Why No Economic Democracy in Sweden?
This article is reposted with permission of Social Europe: https://www.socialeurope.eu/book/re-no-12-why-no-economic-democracy-in-sweden,
Companies that are owned and/or governed by their employees, through a co-operative, a stock-option plan or an employee trust, have been studied empirically for almost four decades. The results show that such companies perform on average better and have higher productivity than firms that are governed by outside capitalists/owners/investors and they pay somewhat higher wages. In addition, they have far less turnover of personnel and employees are more satisfied with their working conditions. In many cases, such companies are contributing to decreasing economic inequality because, in addition to their salaries, employees also benefit from the capital in the company, usually in the form of substantially higher pensions.
People working in such firms tend to be more pro-democratic and civic oriented. Given these many positive results, this paper poses a counterfactual question: why has economic democracy, in the form of employee-owned and/or governed companies, not been on the political agenda in Sweden? There are many reasons why we should have seen such companies mushrooming in Sweden, given its strong labour movement and Social Democratic party, yet the country has comparatively few. Three explanations are presented: the organisational interest of the trade unions in organisational learning, the conflation by the political left of capitalism and markets and the political debacle of the ‘wage-earner funds’ policy.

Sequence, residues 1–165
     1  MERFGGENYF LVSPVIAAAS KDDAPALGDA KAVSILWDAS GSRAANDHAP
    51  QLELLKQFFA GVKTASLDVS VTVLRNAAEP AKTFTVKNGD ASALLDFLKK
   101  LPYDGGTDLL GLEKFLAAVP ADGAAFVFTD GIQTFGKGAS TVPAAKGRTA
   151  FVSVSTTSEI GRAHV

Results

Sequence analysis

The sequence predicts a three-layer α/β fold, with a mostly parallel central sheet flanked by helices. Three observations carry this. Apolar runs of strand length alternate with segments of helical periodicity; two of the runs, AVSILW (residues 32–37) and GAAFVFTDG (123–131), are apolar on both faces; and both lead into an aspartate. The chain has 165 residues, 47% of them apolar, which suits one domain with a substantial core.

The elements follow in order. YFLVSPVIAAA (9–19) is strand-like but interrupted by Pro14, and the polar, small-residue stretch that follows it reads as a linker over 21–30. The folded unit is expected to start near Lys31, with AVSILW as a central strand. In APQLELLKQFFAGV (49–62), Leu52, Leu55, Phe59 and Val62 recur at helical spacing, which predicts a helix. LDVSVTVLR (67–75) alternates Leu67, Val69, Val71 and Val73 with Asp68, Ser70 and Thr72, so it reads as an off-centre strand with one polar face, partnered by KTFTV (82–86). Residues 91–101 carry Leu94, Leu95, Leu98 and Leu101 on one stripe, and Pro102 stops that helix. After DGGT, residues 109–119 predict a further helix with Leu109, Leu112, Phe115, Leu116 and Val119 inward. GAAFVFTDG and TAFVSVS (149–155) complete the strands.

Bo Rothstein holds the August Röhss chair in political science at the University of Gothenburg in Sweden, where he is co-founder and was the head of the Quality of Government (QoG) Institute 2004-15. He served as professor of government and public policy and professorial fellow of Nuffield College at the University of Oxford in 2016 and 2017 and has been a visiting fellow at Cornell, Harvard and Stanford. His recent books in English include Controlling Corruption: The Social Contract Approach (Oxford University Press, 2021). He is a member of the Royal Swedish Academy of Sciences.